The Mayo brothers are recognized as early Tulsa entrepreneurs, whose small beginning in furniture sales took them to a major office leasing business in the Mayo Building just as Tulsa was becoming the "oil capital of the world." There are no other businessmen of the period who enjoyed a comparably esteemed reputation based on their real estate interests in downtown Tulsa . With four major buildings still extant in the city associated with or bearing their name, the Mayos are unique among the city's early elite. From the seed capital generated by the Mayo building, the Mayos invested heavily in Tulsa real estate. In 1953 the Chamber of Commerce honored them for the 50th year of the family's business operations in Tulsa (Tulsa Tribune, November 6, 1953). In 1997, Cass and John Mayo were inducted into the Tulsa Historical Society's Hall of Fame for their contributions to the development of Tulsa .

The historical period of oil dominance in Tulsa that the Mayos experienced was wild and chaotic, but it created the city's most important industry. As Angie Debo's history of Tulsa, From Creek Town to Oil Capital (pg.99) has observed, by 1916, streams of wealth were pouring into Tulsa from the Cushing Oil Field. It was the beginning of a frenzy of activity as oil companies, large and small, established their headquarters in Tulsa . According to the WPA Guide to the 1930s Oklahoma , (pg. 209), an estimated 540 oil companies called Tulsa home.

The Mayos' Petroleum Building was well-known as a location for oil company offices, but the Mayo Building was just as important. Shortly after construction, for example, the Texas Company (later, Texaco) took over two complete floors of the Mayo Building to oversee its oil interests ( Tulsa ! Biography of the American City , pg. 89). In 1916, the only lessees in the Mayo Building were oil companies. While other types of businesses rented office space in the Mayo over many years, oil companies, or oil related businesses always were a high percentage of the renters.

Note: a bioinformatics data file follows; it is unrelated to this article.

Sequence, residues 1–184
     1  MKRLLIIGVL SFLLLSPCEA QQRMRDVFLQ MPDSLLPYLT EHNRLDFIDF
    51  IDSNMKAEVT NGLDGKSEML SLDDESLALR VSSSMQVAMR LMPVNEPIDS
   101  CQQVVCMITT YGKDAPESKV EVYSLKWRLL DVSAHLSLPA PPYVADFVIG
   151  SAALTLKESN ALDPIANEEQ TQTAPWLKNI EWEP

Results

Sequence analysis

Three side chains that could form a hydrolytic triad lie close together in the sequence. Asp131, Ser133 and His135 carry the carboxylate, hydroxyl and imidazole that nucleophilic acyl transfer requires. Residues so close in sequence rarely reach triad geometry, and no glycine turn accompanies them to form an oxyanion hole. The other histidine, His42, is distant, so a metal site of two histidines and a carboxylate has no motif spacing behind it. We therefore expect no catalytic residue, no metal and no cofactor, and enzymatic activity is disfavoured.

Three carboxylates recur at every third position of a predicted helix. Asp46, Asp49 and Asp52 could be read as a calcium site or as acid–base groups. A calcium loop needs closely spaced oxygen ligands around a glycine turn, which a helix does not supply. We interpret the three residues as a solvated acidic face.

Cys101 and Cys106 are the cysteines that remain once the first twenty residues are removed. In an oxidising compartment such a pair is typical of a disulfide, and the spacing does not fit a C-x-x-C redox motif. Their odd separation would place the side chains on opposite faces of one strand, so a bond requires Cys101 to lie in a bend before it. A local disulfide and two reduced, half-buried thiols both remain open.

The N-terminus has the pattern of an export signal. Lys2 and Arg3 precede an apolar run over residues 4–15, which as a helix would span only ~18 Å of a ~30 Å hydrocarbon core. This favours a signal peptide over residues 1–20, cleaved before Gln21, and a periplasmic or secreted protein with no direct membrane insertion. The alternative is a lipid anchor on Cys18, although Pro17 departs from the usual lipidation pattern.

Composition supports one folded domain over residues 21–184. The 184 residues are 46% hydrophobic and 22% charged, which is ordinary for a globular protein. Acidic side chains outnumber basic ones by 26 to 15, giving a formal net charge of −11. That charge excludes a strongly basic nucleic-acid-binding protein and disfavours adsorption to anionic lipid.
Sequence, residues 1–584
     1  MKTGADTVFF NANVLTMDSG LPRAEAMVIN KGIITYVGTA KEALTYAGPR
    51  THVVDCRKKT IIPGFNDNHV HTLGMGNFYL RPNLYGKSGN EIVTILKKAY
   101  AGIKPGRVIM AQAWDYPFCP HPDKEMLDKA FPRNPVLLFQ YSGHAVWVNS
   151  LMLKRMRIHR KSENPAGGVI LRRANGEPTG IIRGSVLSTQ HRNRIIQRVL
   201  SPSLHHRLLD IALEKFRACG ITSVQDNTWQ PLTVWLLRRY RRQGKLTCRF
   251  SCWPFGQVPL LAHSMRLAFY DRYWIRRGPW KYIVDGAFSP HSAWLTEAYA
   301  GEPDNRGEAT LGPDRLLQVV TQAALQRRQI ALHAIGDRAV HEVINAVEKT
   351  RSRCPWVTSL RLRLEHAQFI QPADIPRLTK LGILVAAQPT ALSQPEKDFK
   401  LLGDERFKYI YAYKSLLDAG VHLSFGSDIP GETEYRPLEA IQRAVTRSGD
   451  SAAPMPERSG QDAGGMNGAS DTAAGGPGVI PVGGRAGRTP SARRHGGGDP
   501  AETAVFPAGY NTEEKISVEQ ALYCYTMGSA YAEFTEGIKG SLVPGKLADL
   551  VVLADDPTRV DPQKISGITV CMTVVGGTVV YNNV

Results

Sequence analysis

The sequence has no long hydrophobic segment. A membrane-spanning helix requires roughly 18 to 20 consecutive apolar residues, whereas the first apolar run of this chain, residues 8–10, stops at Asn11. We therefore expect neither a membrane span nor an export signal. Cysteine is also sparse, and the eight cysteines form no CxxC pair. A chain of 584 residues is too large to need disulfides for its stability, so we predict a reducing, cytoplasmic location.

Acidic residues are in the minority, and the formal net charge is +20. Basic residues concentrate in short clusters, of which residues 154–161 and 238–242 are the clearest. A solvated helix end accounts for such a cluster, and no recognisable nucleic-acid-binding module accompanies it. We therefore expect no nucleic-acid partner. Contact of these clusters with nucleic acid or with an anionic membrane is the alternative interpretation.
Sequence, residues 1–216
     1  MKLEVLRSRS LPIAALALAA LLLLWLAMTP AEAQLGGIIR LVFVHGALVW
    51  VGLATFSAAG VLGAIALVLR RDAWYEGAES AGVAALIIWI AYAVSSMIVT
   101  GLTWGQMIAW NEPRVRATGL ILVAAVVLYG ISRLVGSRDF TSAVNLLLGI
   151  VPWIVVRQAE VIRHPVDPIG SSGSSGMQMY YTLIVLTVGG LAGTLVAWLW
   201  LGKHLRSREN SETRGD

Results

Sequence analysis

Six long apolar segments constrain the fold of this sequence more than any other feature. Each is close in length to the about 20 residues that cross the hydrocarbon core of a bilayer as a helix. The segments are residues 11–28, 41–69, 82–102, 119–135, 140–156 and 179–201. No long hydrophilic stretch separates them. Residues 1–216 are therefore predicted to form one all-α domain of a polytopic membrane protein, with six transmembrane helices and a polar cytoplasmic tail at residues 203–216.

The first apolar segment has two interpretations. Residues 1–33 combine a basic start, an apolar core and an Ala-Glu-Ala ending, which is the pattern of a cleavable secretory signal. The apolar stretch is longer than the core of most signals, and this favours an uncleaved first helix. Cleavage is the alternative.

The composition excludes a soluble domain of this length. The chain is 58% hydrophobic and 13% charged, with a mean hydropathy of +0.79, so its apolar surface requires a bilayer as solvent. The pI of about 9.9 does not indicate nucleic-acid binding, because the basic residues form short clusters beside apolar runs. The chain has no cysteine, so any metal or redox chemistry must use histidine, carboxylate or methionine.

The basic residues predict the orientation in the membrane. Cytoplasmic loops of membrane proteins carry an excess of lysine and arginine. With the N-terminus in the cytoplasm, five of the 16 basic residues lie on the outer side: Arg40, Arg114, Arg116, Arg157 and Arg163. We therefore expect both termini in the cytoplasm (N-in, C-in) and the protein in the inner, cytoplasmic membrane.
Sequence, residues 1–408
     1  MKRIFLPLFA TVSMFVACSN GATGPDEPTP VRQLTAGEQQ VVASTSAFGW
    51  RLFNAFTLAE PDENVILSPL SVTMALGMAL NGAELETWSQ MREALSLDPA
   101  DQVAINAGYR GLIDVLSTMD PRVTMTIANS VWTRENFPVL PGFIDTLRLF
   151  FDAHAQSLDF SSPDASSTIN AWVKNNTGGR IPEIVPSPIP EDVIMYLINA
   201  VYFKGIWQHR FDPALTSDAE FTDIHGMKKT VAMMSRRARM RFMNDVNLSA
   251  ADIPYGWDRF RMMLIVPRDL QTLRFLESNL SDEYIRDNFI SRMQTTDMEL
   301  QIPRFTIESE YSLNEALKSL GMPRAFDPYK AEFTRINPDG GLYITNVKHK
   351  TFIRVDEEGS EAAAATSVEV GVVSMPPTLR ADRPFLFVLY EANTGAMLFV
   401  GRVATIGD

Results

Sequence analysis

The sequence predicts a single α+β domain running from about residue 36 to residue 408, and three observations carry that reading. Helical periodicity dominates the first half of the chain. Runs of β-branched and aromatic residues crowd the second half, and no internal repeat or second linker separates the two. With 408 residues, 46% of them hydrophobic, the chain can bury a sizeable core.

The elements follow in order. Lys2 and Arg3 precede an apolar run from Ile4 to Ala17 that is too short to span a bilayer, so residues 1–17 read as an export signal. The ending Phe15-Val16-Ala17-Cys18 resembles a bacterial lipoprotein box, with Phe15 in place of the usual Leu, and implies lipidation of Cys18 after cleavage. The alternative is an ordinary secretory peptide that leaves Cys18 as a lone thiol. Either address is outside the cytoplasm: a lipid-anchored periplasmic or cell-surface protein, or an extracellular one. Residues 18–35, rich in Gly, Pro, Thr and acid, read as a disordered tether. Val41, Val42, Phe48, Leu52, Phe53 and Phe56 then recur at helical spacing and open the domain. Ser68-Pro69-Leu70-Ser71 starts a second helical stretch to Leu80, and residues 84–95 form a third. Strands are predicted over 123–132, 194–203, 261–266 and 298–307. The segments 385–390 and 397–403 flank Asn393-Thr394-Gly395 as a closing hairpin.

The Mayo Building has the earliest place in the history of oil company office buildings. There are nine buildings besides the Mayo Building which are known for their attachment to Tulsa 's oil boom days between 1910 and 1930. Five of the nine are considered skyscrapers: the MidContinent (1918/1984 — 36 stories [but much shorter prior to '84]), the Philcade (1930 — 13 stories) and the Philtower (1931 — 24 stories) are in the National Register of Historic Places. The Thompson Building at 20 E. 5th is also considered a skyscraper (1921 — 15 stories), as is 320 S. Boston Building (1918 — 22 stories). These buildings do not compare well with the Mayo Building 's more moderate height of ten stories. The McFarlin Building (NR) (1918 — 5 stories) (77) was built at nearly the same time as the completed Mayo Building , but it does not compare well in scale, verticality and architecture. Other smaller skyscrapers, between 7-10 floors provide some comparisons in basic height, scale and verticality with the 1917 Mayo Building . These include the Sinclair Building (1919 — 8 stories) (74), at 6 East 5th Street; and the Mayo brothers' Petroleum Building (1921 — 10 stories) at 420 S. Boulder (76), the Wright Building (1917 — 7 stories) at 115 W. 3rd Street (78), and the Kennedy Building (1916, 1919 — 10 stories) at 321 S. Boston (75). These office buildings compare better in some ways. The Sinclair Building was the headquarters of Sinclair Oil, however, and not originally a multi-tenant office building. The Petroleum and Wright Buildings are already listed or eligible for their significance as oil company office buildings. The Kennedy Building is closely comparable to the Mayo Building but it is later, built just as the Mayo was completing its second alteration. Like so many of Tulsa 's older buildings, the Kennedy Building has had its original windows replaced with single windows and most of its inside public space has been radically altered with contemporary construction.

Begun in 1909, the Mayo B uilding is the oldest of the existing oil business buildings. There are no other office buildings as old in T ulsa . Initial tenants were oil companies, and it remained an attractive location to many including Shell Oil, into the 1970's. In 1919, forty-one buildings, large and small, had oil company tenants, but only a few remain today. Constructed just as oil fever hit Tulsa, the Mayo Building's significance is related to Tulsa's history as an oil town and is a good representation of the many moderate office buildings that were essential as homes to large and small companies needing office space in the Oil Capital of the World.